Tune in to Science Friday on April 10, 2015, for a discussion about robots and why we should (or shouldn't) fear their imminent rise.
This Friday on the show, we'll spend time looking at the fears people have about artificial intelligence run amok. How can it get out of hand? What about it creeps us out? We’re about to enter a brave new world of robotics and A.I. What can we do to make sure our inventions don’t spiral out of control?
I did a quick poll of the SciFri office to see what about the inevitable rise of robots freaks us out the most. (What we had to say might seem irrational, but these fears make us human, right?) Then, this Friday, we’ll talk about why some of these fears are unfounded...or not.
Do you feel the same way? Click on the images below to share them on Twitter!
Jen Fenwick, Director of Institutional Giving
I'm scared of robots because I am afraid I'll eventually become one. Microchip you say? Sign me up. Jet pack implant? I'm in. But where is the line between human and robot?
Christian Skotte, Director of Program Strategy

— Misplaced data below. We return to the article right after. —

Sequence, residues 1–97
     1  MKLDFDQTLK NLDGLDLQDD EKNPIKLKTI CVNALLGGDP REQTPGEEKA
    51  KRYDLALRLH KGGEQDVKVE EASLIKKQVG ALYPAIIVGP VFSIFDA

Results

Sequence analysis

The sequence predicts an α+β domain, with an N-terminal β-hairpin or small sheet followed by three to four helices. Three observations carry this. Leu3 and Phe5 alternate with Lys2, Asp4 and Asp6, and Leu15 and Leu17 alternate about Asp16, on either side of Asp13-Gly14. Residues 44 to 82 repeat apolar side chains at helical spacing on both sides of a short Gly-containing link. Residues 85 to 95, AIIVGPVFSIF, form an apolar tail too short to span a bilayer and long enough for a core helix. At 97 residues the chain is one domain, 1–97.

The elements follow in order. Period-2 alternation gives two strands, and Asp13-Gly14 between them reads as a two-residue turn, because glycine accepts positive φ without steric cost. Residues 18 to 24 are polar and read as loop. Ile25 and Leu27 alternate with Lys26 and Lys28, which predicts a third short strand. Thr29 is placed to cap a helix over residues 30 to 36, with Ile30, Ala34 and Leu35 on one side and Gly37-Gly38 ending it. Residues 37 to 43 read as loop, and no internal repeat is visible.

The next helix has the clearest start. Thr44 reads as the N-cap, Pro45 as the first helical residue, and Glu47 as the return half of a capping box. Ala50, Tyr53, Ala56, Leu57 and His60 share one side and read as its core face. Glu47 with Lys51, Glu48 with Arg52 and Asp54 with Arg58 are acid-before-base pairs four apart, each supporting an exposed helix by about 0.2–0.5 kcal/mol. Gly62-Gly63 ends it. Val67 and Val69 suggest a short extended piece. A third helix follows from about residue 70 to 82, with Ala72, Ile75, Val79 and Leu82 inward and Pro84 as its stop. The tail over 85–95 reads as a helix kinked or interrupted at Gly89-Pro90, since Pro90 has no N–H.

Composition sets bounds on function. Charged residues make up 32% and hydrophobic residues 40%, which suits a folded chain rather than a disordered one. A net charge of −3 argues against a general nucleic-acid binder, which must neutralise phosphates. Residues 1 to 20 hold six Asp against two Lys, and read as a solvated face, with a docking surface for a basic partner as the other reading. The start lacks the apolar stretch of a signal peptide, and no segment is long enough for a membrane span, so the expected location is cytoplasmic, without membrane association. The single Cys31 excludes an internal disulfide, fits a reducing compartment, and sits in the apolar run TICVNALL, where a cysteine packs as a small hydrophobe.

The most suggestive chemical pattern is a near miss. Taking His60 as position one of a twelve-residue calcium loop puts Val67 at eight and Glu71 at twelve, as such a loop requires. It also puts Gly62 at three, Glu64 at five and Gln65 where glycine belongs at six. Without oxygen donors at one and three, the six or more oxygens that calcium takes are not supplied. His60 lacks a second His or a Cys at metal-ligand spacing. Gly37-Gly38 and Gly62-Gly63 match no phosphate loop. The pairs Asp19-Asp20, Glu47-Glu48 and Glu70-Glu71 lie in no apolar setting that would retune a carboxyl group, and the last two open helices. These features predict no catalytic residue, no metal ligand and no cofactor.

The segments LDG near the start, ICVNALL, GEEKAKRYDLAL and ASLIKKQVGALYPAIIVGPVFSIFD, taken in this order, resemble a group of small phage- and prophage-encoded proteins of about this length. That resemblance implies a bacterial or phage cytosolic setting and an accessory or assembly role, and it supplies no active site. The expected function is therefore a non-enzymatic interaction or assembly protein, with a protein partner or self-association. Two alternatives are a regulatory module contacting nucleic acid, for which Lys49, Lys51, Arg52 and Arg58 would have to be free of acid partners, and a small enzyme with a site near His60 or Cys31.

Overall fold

I'm terribly creeped out by robots that look human. Japanese roboticist Masahiro Mori called this uncomfortability with human-like robots the Uncanny Valley. The idea is that we want robots to look life-like, but just up to a point. Wall-E is adorable in the same way that Pikachu is adorable—it’s obviously a cartoon, with "realness" sacrificed for "adorableness." But once robots start looking like humans, the cuteness starts to fade, and we're reminded that they're just soulless automatons—unthinking and unfeeling perversions of all that make us human. ::Shudders::
Jen Kwok, Bookkeeper
I'm freaked out about the logistics of how robots will be made, maintained, and "retired"! If they're mass-produced, can we make and dispose of them responsibly? Will robots be managed and repaired by people (or other robots)? I hope robot makers are thinking about these questions so that Earth does not become a robo-graveyard!
Ariel Zych, Education Manager
What scares me about robots, and A.I. in particular, is that humans will be replaceable. Art, music, stories, architecture and even affection could be entirely created by robots. We'll have no way of knowing that we are human, no tests to prove that anyone else is human, and no tools for telling if something was created by a human. We will lose ourselves.
Danielle Dana, Executive Director
It's widely known at SciFri that my dream is for a robot to deliver beer to my desk on command. There's nothing scary about that. #robotbeers
Julie Leibach, Managing Editor of sciencefriday.com
I worry about hackers gaining control of robots used in quotidian life, causing them to wreak havoc in their owners's lives.